‘Twas the evening of April 2, 2011. India faced Sri Lanka in an epic finale of the 2011 World Cup. With just 4 more runs to score, and 11 balls to spare, India’s captain M. S. Dhoni knocked the ball for a sixer. An entire nation erupted into shouts of joy. People ran out on the streets, waved the tricolor and hugged each other. No one cared which caste or community the other belonged to. It was the biggest known celebration in the history of sports. India had waited for this moment for 28 long years. The pride and elation that every Indian felt that day cannot be put to words. You had to be there… You had to be there.
Memories of that night in the spring of 2011 will never be forgotten. The game of cricket had officially unified the country as a whole and a billion hearts bled blue. Sushrut Jain beautifully encapsulates this craze in the documentary, Beyond All Boundaries: Cricket. But that is not what it’s all about. It goes beyond the confines of the stadium and tells the tales of three individuals, who despite their passion for the game, don’t get the same amount of limelight.
We first meet Sudhir Kumar, a man who paints himself in toxic paint and carries a conch to every game. He travels to these matches on a bicycle, because he can’t afford otherwise. Then we are introduced to 18-year-old Akshaya Surve, a girl who plays cricket to escape the tragedies of her family life. In 12-year-old Prithvi Shaw, we see the next rising star of cricket. A boy pegged as the next Sachin Tendulkar.
The three of them have two things in common – they love cricket and the fact that they come from extremely poverty-ridden backgrounds. Their tales are narrated by Kunal Nayyar (of The Big Bang Theory fame), and we get a glimpse of what life is like for them. Following their journey alongside the World Cup, Sushrut Jain makes sure we laugh with their victories and cry as they battle poverty and disappointment.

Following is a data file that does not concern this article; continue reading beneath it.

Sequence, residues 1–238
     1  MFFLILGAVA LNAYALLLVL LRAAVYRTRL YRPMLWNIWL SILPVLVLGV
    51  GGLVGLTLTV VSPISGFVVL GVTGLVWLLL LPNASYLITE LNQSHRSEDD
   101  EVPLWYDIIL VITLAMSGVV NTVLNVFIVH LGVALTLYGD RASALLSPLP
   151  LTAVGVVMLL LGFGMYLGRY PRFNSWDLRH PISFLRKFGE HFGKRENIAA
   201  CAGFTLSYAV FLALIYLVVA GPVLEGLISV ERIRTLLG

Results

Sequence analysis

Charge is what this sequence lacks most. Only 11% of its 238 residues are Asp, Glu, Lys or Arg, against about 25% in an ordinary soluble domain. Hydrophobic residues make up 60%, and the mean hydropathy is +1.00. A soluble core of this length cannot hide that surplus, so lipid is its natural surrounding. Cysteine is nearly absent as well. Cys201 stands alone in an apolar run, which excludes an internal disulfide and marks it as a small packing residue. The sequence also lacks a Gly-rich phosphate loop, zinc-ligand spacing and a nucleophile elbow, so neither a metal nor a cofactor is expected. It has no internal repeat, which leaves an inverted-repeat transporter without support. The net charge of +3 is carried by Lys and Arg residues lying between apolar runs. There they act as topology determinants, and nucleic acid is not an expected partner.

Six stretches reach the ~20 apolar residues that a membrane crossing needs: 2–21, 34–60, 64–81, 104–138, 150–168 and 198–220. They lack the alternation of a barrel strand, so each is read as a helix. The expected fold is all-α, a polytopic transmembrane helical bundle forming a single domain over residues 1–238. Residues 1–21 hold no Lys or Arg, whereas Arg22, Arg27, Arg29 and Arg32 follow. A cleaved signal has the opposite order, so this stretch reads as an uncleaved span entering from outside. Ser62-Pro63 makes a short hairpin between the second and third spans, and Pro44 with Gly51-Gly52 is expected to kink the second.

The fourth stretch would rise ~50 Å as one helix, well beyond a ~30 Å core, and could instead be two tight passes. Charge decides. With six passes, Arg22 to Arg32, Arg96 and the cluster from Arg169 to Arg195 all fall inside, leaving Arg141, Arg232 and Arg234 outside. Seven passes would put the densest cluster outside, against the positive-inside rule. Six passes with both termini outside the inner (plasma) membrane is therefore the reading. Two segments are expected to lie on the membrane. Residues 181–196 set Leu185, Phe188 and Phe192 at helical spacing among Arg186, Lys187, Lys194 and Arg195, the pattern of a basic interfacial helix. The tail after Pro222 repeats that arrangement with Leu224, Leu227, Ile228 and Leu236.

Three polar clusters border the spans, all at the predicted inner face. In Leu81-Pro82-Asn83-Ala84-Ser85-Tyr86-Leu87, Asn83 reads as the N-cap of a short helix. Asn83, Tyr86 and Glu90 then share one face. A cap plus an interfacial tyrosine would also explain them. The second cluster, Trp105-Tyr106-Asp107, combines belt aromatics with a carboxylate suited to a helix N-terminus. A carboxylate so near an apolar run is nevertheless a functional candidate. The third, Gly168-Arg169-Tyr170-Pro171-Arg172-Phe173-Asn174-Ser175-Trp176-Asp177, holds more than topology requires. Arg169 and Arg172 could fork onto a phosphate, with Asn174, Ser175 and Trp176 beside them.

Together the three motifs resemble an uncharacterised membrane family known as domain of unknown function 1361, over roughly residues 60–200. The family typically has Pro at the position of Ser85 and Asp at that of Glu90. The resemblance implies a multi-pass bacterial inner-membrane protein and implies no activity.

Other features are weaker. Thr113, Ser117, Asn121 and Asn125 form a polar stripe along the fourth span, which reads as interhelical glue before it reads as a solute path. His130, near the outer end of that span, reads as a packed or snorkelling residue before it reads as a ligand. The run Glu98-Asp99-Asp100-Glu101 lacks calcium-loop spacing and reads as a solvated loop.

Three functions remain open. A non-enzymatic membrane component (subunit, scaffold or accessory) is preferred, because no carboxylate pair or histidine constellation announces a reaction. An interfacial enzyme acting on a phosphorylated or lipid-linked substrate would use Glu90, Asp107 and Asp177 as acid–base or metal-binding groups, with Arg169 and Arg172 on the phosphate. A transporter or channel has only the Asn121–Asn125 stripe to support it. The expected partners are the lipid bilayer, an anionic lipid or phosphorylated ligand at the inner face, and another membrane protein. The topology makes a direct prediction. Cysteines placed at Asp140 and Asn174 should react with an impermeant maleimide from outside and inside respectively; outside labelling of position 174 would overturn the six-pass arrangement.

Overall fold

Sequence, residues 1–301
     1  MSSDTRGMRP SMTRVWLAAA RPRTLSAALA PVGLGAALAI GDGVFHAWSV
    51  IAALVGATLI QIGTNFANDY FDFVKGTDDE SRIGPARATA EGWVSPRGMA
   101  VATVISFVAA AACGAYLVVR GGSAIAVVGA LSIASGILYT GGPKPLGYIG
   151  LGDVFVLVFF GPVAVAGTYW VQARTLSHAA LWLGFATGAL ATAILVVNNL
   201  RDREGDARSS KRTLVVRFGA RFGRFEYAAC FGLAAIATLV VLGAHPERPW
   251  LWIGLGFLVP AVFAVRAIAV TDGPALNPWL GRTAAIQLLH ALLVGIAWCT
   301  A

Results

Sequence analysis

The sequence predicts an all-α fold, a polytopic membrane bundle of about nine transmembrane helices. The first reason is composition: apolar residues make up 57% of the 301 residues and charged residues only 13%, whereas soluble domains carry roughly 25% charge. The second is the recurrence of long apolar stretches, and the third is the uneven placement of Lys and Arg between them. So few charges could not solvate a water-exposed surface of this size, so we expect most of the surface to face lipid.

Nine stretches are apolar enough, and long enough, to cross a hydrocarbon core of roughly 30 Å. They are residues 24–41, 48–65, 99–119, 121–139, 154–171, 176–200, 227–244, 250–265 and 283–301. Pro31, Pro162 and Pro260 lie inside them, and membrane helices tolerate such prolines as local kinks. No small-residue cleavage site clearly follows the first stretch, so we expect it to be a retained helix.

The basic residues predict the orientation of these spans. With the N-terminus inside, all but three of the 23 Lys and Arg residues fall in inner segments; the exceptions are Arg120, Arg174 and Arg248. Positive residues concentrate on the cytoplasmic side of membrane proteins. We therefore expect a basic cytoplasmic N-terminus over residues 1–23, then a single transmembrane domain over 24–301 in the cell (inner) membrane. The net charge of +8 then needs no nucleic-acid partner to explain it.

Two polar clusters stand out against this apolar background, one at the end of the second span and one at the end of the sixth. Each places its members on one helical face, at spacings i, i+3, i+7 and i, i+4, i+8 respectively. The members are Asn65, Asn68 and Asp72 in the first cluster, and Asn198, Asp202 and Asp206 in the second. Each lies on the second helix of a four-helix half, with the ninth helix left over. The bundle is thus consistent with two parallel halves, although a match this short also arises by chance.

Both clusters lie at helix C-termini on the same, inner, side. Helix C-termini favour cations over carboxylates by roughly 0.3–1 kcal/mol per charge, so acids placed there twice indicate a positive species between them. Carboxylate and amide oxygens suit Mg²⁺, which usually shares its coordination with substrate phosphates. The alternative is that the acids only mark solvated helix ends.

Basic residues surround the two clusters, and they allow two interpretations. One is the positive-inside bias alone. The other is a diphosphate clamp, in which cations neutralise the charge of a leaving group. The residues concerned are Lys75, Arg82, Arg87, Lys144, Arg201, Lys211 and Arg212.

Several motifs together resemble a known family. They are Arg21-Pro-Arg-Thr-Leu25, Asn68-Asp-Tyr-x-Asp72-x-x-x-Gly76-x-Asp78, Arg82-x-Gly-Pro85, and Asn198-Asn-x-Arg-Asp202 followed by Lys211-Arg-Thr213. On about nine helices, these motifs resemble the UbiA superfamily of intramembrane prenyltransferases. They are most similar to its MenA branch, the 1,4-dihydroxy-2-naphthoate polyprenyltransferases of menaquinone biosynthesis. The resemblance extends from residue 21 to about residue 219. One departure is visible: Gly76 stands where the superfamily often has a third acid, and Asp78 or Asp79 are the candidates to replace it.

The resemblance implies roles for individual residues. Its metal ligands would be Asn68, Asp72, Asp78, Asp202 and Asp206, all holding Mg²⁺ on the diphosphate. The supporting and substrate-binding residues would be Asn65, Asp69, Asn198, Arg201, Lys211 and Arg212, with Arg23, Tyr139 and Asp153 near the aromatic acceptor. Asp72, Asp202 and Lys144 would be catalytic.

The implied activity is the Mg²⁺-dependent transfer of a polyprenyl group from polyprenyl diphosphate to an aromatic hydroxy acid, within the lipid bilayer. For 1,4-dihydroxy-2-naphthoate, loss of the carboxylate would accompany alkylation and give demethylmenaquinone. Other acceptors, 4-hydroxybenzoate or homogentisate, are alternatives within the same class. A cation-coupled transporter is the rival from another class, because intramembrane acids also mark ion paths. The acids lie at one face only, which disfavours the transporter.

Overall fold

It should be noted here that Beyond All Boundaries: Cricket is not a perfect documentary. There are certain parts of it that seem scripted, especially the ones dealing with Prithvi and a local politician. The background score by Daniel Walter and Christopher Carmichael is excellent, but does not always compliment the scene it is used for.
However, the minor drawbacks can be ignored, as it is evident that a lot of dedication went into making this documentary. The crew faced financial roadblocks, due to which the film took over two years to complete. And in the end, it is safe to say that it emerged victorious, just like our three heroes.
Why should you watch this film?
It doesn’t really matter if you are a cricket fan or not, as Jain’s story connects with you at a human level. The documentary is aptly paced, and makes you care for its three protagonists. After premiering at film festivals all around the world, Beyond All Boundaries: Cricket has finally come to India. And this is where it rightfully belongs. Go watch it for the never-say-quit attitude that defines Indians, and to relive the euphoria that followed the World Cup 2011.